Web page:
Setya Rahadi: Seeing Opportunity Behind Challenge

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WHEN Setya Rahadi began a career in journalism he never imagined that one day he would be country human resources manager for Indonesia and emerging Asian countries for Hewlett-Packard (HP), a leading global provider of products, technologies, solutions and services.

Setya leads Human Resources Global Operation (HRGO) Organization for Indonesia and 11 other Asian countries, namely Pakistan, Sri Lanka, Bangladesh, Cambodia, Afghanistan, Bhutan, Maldives, Brunei, Laos, Nepal and Timor Leste. His main responsibility is to support the business in setting up a legal entity in each country and deliver HR programs, including HR operation and transactions, total rewards, learning and development as well as staffing. “I started my career in journalism,” said Setya, who graduated from Atma Jaya University Yogyakarta majoring in business management in May 1989.

At that time, he was so passionate about journalism that he joined several courses and apprenticed at the Research, Education and Publishing Institute of Yogyakarta (LP3Y).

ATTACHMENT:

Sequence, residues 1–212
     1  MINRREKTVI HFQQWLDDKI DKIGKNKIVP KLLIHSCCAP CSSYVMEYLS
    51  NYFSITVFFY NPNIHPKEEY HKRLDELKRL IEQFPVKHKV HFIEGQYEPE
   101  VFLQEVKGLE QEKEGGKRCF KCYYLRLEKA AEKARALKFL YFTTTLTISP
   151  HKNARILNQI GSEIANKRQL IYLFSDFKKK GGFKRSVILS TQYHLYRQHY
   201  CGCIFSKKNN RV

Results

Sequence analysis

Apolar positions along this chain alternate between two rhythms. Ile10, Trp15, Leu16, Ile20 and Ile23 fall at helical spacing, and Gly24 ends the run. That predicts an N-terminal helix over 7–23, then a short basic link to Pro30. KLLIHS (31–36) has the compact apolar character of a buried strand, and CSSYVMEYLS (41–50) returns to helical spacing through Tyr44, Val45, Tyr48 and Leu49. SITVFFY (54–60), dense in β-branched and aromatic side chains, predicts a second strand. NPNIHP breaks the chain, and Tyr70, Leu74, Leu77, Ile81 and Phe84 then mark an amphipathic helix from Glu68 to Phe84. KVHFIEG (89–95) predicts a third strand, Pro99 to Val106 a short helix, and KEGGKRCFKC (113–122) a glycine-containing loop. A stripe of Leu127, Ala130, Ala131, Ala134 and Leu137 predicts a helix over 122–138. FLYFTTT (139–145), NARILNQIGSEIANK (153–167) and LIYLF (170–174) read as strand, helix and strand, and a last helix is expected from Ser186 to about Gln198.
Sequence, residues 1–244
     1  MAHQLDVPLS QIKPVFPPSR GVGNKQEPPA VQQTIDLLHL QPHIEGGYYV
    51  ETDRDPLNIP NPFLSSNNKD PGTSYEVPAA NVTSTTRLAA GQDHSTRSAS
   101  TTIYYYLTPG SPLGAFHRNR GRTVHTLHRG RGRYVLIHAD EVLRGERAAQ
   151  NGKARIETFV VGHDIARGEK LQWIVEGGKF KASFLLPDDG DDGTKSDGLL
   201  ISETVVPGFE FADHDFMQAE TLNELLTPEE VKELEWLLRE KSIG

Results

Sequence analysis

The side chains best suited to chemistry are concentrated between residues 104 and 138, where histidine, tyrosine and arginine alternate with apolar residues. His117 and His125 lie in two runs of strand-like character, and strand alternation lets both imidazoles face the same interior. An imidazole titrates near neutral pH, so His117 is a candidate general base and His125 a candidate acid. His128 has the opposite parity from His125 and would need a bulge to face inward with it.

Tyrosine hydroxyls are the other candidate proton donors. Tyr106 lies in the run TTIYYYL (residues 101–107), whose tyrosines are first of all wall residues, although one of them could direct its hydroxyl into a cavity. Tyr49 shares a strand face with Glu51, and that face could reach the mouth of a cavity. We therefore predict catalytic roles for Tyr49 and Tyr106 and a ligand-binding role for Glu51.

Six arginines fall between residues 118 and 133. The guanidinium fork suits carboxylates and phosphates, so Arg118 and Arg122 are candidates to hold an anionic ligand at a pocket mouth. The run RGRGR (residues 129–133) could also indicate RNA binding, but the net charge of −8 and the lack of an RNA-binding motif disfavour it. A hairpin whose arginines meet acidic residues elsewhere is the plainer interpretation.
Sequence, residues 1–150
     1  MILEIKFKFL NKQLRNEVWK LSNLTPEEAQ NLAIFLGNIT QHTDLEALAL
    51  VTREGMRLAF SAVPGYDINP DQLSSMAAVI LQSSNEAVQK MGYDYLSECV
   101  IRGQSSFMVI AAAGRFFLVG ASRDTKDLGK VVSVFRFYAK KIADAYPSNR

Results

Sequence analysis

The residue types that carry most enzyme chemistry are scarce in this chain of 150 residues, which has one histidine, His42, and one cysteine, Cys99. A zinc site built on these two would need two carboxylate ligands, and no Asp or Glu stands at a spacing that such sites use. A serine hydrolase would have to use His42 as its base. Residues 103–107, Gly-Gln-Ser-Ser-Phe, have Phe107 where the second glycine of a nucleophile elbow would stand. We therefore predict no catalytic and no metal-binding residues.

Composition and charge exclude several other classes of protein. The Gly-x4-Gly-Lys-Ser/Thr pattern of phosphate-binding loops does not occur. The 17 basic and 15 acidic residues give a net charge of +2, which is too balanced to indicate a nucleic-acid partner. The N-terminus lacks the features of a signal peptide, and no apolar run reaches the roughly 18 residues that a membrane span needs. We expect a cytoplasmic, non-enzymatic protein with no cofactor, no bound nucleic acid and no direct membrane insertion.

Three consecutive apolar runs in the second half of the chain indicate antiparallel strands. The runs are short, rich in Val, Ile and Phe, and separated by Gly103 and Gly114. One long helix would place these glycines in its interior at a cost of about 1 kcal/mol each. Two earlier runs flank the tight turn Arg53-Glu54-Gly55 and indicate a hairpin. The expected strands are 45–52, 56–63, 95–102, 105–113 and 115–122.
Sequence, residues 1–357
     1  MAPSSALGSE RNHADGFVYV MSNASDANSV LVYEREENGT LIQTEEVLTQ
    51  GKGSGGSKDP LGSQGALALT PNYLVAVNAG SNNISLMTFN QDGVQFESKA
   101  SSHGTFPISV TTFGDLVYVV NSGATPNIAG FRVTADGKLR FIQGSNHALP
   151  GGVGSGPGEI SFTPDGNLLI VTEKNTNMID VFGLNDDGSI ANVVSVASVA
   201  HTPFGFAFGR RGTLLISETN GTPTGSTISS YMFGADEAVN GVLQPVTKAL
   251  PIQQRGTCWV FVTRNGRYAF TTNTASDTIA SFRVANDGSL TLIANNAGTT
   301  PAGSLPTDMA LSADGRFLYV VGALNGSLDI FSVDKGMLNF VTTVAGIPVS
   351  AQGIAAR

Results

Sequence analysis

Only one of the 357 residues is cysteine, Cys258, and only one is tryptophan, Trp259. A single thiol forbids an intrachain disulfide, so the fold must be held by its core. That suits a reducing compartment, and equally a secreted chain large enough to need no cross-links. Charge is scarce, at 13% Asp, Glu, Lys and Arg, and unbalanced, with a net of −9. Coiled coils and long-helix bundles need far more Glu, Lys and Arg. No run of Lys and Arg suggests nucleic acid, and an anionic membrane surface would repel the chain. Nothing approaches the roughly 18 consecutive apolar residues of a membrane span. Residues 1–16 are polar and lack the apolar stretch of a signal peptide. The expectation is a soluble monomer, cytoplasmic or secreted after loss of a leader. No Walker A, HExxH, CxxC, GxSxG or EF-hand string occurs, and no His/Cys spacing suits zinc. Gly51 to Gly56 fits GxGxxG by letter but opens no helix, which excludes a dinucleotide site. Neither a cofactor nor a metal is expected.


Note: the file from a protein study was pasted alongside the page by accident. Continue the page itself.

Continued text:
Setya then decided to give up journalism and moved to Astra Graphia in August 1989. Here, he discovered new challenges. At Astra Graphia, a subsidiary of PT Astra International with a total of 1,500 employees and 43 branches throughout Indonesia, Setya became involved in matters related to systems and procedure.

A year later, he moved to the human resources and development division. As a HR generalist, he assisted the human resources and development manager in cost and productivity analysis, reporting, developing policies and regulations, maintaining and setting up administration procedures, and supervising employee loans and staff welfare.

In June 1993, he moved to PT Digital Astra Nusantara, a joint venture company between U.S. company Digital Equipment Corporation and PT Astra Graphia, a subsidiary of PT Astra International, one of the largest conglomerates in Indonesia.

PT Digital Astra Nusantara is an information technology consultancy company that provides maintenance services for computer hardware and software, network services and system integration. Due to legal constraints, all sales and marketing of Digital products was handled by Astra Graphia – Information Technology, another unit under PT Astra Graphia, Tbk., not PT Digital Astra Nusantara.

Setya has held many positions related to human resources development starting from compensation and benefits specialist, senior human resources representative and personnel manager.

The next phase of his career was spent at PT Compaq Computer Indonesia, a subsidiary of Compaq Computer Corporation, a Fortune Global 100 company and largest supplier of computing systems in the world. Compaq designs, develops, manufactures and markets hardware, software, solutions and services — including industry-leading enterprise computing solutions, fault-tolerant business-critical solutions, communications products, commercial desktops, portable products and consumer PCs. In this company, Setya worked as country human resources manager.